Your proposal should be no more than one page long (single spaced). Make sure that you cover the background, key question, and methods of your project. The background should include the topic and the context of your project, including other research in this area. The specific question you are planning to ask through your project should be clearly stated. You should briefly describe the methods you plan to use (your experimental design, your modeling approach, your data analysis, and so on).
Upload your proposal to Canvas as a PDF file by midnight on 10/20/2016.
Several weeks before your project presentation you should turn in a preliminary version of your paper. This should be a complete outline for all sections. It should have a full draft of your introduction and background and related work sections. In addition, it should have preliminary results from your modeling and/or experiments. All together, these will probably take about 3 pages.
These preliminary results will be peer-reviewed: everyone will be asked to read and comment on one other team's project update.
Each person or team will have 7 minutes (5 minute presentation + 2 minutes for questions). We will go in reverse alphabetical order (last name). The presentations should describe your question, methods, and results at a high level.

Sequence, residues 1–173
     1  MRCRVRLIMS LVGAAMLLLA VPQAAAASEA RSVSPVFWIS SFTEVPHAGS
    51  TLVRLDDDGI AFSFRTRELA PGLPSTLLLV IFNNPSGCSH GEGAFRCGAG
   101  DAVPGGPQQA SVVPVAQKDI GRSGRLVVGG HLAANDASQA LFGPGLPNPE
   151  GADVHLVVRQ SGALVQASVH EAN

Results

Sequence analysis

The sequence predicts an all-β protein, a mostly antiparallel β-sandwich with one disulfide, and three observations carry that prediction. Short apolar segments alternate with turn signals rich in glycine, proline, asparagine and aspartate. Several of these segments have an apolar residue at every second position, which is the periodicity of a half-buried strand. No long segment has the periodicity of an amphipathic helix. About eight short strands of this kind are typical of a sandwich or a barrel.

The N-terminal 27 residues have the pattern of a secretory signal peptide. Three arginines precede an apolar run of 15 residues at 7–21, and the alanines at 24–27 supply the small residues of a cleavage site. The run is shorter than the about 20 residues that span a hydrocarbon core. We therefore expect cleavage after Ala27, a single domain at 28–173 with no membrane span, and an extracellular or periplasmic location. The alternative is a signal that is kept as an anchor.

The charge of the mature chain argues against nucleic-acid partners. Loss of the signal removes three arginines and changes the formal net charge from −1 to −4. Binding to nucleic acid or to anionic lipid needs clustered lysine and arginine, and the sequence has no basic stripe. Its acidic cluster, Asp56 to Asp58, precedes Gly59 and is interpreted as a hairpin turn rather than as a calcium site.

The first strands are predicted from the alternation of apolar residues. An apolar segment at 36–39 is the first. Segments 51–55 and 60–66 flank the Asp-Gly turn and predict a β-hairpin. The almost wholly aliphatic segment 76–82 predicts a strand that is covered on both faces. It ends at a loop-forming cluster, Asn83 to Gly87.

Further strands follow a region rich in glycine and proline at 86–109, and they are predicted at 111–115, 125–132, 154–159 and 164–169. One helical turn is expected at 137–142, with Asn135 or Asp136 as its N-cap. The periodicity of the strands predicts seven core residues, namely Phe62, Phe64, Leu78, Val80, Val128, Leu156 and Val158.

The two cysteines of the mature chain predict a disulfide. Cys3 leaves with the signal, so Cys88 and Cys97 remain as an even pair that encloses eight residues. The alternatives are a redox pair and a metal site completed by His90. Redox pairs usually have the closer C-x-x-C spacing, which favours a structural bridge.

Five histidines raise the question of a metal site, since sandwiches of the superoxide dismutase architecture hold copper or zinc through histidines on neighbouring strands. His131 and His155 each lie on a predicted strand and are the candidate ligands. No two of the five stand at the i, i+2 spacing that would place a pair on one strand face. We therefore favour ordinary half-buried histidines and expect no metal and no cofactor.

Presentations should be in Google Drive Presentation format: upload the presentation to this folder.
For students who don’t like working in Google Presentations, you can do your presentation in powerpoint and convert it. Google drive can upload (and convert) slides from the following formats: .ppt (if newer than Microsoft® Office 95), .pptx, .pptm, .pps, .ppsx, .ppsm, .pot, .potx, .potm, .odp . Students should check their conversion once they’ve uploaded it for errors. Presumably, one could also do the slides in Keynote, convert to PPT, and then convert to Google Slides, but we suspect the errors would compound.
Your final project should be described in the format of a conference paper, following the guidelines of paper submissions to the Cognitive Science Society conference: see the section "Submission formats" on this page. In particular, your paper should be no more than six pages long. Your paper should cover the background behind your project, the questions you are asking, your methods and results, and your interpretation of these results.
Email your paper to the instructor as a PDF file by midnight on Tuesday, Dec. 12th.